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CMS Medicaid Access Final Rule sparks controversy within the Home Care industry

New York -- April 23, 2024

CMS repeals rule on Medicare 'reasonable and necessary' definition | AHA  NewsEarlier this week, the Centers for Medicare and Medicaid Services (CMS) elected to finalize the “payment adequacy” provision in the Medicaid Access Final Rule (CMS 2442-F). The rule has several provisions that were enacted as a way to protect Direct Care Workers. However the most notable--and most controversial--is the "payment adequacy provision” which requires that a minimum percentage of Medicaid HCBS reimbursements be passed through to the workers. 

The provision is controversial for several reasons. Medicaid HCBS varies from state to state. This provision will make access to care harder across the nation (especially in rural areas). To expand, the rule features a Medicaid pas-through requirement. 80% of HCBS Medicaid payments must be directed towards Direct Care Workers. The rest will go to towards operational expenses. This means rent, quality oversight, regulatory requirements, and technological improvements. 

Though on paper this new rule seems to support home care agencies, many home care associations are nervous that this will discourage home care agencies from finding innovative stategies for improving their care plans and caregiver retention. With the 80% allocation, there is no incentive for agencies to support advancement in their agency practices. Rather, the money will just go to caregivers directly and thus will lead to burnout and shortages in care.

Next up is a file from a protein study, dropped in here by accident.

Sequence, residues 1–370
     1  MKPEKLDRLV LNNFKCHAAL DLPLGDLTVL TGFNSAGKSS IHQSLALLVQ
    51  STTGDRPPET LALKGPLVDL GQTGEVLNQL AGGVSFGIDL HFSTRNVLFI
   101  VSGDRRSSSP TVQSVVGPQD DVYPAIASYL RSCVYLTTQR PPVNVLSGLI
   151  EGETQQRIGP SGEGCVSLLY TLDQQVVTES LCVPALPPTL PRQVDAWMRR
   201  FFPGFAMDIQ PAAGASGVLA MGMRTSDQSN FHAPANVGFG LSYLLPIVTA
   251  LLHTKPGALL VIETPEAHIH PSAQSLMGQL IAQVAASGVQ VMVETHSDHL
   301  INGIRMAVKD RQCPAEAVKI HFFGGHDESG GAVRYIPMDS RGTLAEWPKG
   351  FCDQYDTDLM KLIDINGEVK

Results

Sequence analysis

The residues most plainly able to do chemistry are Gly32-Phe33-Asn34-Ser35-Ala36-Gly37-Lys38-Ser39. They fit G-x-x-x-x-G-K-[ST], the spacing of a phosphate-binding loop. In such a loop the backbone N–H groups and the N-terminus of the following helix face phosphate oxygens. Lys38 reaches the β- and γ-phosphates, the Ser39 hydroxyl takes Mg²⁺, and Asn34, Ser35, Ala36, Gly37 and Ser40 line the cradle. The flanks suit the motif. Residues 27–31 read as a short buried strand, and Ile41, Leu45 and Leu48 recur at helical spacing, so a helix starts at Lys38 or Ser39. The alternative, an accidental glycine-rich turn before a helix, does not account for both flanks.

The other main concern is that HCBS are too different across the nation. This includes both admisntration and reimbursements. The rule is meant to apply nationwide, but does not take into account how home care varies state by state. Different states have varying patient populations, home care programs, cost of living, and regulations. CMS has not done any review to see how this national rule will affect states, and in general the home care industry is worried about the impact. 

The widespread fear is that this will lead to underinvestment in home care agencies, as owners will be forced to allocate the overwhelming majority of their reimbursement towards Direct Care Workers. However, time will tell about the impact of this rule. Home care asdociations are advocating for changes, especially as many of them have found that CMS has no staturoety authority for enacting this rule. More developments will be incoming in the aftermath of this rule, and hopefully the controversy will be loud enough for more information to come fro CMS about what this rule means for home care agencies across the nation.